Consequently, I "drill and fill" exactly as is listed in the works of Saint Don Casey. It's a two-day job, but can take as little as 15 minutes per day per deck fixture. I grub out the old core (the messiest bit) with a small Allen key on a Dremel, or even just by hand). Then I run a hairdryer on the area to evaporate and further "honeycomb" the remaining dead core, which is only a matrix for fresh epoxy at this point. Then I tape over the hole from the bottom fill it with an epoxy slurry, and (here's the refinement) brace a flat plate of something wood or plastic from below and put some sort of metal weight above, compressing the glass layers and the setting epoxy. Cover and let harden. Drill out the next day (with heed to temperature, etc.)

A further refinement is that I put a spiral of caulk on the SS through bolt around the mid section. As the bolt goes in, the caulk seals the threads and makes a very neat and minimal "doughnut" as it seats in the cleat, winch base, whatever. This takes a little practice to gauge the correct amount of caulk, but it isn't much. I rarely have to wipe or Exacto-knife any surplus off.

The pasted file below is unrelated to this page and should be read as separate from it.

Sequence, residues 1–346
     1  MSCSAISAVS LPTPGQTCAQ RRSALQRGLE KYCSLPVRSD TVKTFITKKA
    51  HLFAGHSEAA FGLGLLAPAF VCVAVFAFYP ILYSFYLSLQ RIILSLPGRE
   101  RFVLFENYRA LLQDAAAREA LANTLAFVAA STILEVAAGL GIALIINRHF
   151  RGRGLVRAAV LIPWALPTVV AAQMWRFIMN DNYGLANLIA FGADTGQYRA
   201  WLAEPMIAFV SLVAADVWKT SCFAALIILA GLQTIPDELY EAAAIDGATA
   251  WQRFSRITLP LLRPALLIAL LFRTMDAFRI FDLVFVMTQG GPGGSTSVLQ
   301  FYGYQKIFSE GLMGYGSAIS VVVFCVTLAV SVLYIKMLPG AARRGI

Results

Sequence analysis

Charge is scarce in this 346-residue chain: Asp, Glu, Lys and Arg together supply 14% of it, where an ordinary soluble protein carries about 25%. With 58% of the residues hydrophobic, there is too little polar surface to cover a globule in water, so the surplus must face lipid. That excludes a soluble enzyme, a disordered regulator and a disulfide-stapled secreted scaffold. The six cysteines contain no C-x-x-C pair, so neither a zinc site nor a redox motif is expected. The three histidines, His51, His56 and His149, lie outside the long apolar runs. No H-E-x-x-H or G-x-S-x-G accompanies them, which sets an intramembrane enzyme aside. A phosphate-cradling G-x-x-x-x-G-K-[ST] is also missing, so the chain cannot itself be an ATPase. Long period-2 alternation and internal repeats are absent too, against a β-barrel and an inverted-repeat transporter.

Lastly, I cut 1/4" aluminum backing plates to spread the load beneath. I will put a fine bead of caulk on the topside of this plate, and I will torque down the bolts in two stages: finger-tight on Day 1 and then to final torque of maybe 35-40 ft/lbs. on Day 2. Having a helper with a screwdriver is handy here.

I end up with revitalized and strengthen core that resists water at the hole, at the caulked bolt threads and at the beaded backing plate, which spreads the load and mitigates the core damage. It's not as good as REPLACING the entire damaged core area, of course, but if I did that, I'd never go sailing!

My boat passed survey better in 2007 than in 1999. It is 34 years old.